Caged Beasts

July, 1995

How to keep your rats from escaping

I hear a lot of rat owners talk about what great esacpe artists their little beasts are, and how difficult of a time they have keeping them in. What they don't realize is that the small cretins are playing mind games with them, and they have already lost. I haven't, for you see, I have never kept my rats in a closed cage.

This can be very disconcerting for visitors to my house, who see the rat cage, walk over to see them, and suddenly there's the rat, out and on top of its cage, leaning out to sniff them. They usually leap back, maybe gasp, and (once they regain their composure) ask me how I keep them from running all over the house. But given their freedom, I find that my rats almost never leave home.

A rat's primary goals in life are to have (1) food (and water) as close as possible and (2) a comfy place to sit. (My rats often sleep with a piece of rat or monkey chow for a pillow, so that, should they awake hungry, they don't have to move even an inch.) If freedom interferes in even the slightest way with these goals, a rat will choose to stay in its cage. Your rat only wants you to think he/she wants out because you lock him/her up.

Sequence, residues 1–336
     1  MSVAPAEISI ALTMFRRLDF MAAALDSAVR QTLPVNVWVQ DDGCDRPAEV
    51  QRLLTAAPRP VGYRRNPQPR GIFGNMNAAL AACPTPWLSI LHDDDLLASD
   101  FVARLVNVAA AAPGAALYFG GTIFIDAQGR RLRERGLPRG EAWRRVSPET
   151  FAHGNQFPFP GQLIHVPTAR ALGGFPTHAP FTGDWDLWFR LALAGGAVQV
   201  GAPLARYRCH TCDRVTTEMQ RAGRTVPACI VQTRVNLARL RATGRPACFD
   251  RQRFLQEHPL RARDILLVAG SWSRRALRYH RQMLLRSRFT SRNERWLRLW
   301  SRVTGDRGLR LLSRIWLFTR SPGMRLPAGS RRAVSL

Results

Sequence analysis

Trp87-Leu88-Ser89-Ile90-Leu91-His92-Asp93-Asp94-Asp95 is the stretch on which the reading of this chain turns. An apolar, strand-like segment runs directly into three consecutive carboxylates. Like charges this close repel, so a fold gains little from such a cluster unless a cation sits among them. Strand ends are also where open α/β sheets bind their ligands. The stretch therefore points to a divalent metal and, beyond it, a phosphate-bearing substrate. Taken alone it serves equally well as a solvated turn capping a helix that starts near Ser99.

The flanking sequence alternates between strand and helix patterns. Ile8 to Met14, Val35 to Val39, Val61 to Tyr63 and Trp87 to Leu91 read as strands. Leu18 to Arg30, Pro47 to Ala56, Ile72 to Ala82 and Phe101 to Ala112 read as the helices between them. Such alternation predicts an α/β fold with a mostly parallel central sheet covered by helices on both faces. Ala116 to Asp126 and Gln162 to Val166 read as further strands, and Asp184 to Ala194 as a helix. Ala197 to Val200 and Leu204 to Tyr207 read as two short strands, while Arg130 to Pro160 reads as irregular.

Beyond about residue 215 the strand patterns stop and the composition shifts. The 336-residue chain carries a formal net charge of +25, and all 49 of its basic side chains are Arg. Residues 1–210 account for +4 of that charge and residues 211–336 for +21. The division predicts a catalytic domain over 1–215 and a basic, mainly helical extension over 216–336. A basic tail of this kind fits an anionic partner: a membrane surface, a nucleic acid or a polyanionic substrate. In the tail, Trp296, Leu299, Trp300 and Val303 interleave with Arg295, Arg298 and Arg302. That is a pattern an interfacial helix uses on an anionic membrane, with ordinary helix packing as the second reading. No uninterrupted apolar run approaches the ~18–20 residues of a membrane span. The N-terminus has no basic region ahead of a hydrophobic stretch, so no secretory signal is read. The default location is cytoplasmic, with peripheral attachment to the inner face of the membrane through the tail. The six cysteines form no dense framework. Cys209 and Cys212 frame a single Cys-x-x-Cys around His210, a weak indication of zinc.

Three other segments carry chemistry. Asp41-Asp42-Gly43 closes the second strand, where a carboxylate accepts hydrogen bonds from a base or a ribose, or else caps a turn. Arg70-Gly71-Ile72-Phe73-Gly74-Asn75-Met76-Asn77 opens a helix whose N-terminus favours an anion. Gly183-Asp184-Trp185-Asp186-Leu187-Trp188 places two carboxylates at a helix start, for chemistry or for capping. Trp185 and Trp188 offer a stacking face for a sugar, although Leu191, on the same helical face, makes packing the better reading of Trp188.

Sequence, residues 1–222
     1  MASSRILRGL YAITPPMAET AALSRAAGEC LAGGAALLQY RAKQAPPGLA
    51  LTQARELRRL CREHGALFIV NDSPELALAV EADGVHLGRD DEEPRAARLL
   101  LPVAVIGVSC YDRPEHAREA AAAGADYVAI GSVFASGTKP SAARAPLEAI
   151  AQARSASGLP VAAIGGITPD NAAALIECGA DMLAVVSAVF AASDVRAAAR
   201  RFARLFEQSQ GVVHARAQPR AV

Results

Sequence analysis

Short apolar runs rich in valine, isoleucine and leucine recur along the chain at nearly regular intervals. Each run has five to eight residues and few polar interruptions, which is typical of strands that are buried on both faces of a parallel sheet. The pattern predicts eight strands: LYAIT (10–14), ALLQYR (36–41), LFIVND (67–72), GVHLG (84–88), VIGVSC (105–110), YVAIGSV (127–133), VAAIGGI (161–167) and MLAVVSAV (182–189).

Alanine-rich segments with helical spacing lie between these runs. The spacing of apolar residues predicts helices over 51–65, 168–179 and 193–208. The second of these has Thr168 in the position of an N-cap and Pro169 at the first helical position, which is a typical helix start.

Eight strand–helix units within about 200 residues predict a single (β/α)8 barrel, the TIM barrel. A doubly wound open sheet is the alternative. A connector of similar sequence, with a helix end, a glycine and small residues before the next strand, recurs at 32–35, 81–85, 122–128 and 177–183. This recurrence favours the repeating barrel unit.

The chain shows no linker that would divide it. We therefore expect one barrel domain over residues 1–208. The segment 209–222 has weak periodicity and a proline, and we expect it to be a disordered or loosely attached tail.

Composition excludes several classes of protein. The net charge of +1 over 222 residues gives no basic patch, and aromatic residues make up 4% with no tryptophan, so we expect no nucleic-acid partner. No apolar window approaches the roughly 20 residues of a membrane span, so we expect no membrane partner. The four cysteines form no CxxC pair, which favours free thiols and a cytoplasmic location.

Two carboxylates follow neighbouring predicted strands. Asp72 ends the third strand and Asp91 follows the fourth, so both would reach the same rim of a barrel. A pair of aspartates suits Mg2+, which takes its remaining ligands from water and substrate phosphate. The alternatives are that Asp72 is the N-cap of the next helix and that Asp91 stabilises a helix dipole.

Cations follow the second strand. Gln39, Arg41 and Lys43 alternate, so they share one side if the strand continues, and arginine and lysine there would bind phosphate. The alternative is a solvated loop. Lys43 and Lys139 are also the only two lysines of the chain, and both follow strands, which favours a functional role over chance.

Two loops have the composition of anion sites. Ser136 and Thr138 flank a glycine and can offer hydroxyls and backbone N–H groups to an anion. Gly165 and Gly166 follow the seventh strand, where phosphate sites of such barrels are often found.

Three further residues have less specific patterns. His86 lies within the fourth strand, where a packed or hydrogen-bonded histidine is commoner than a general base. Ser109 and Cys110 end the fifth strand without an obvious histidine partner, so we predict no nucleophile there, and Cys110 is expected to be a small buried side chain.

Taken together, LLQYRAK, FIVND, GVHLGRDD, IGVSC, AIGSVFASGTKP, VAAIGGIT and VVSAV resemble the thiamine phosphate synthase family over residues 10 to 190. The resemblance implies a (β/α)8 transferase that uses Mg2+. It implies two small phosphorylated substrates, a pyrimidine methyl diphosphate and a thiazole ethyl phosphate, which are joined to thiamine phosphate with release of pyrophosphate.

It works like this -- their cage, whatever kind of cage it happens to be, is kept on top of a dresser or bookshelf, a good meter or more off the floor. This is usually difficult (but not impossible) for the rat to climb down, and very difficult for the rat to climb back up. So my rats can get out any time they want, but freedom comes at a price -- you have to wait for the people to wake up to get back home. Most of my rats get out exactly once, and never do it again. They seem to decide that it is better to wait for the people to let you out, than to get out yourself and wait for the people to put you back. (We let the rats run free in some part of the house for at least a while every day.)

There are always exceptions to the rule -- I did have one rat, Hastur, who for a short time, would leave his cage about every other night around 3 in the morning, and would climb into bed with us and try to wake us up so that we would play with him. He soon found that all we did when we woke up at 3 in the morning was put him back in his cage and go back to sleep, so after a few weeks he gave up.

I do close them in a cage if I am going to be gone overnight, so that they don't fall out and get trapped away from food and water. (And on the floor with my two cats, who would not hurt the rats but would be more than happy to follow them around and stare at them, which a rat can find pretty unnerving if it happens to be afraid of cats.) But otherwise I leave it open, giving the rats more room to romp around, and making them easier to pay attention to any time you happen to be near the cage. Of course, sometimes they lean out and grab my hair when I'm sitting at the computer typing . . .

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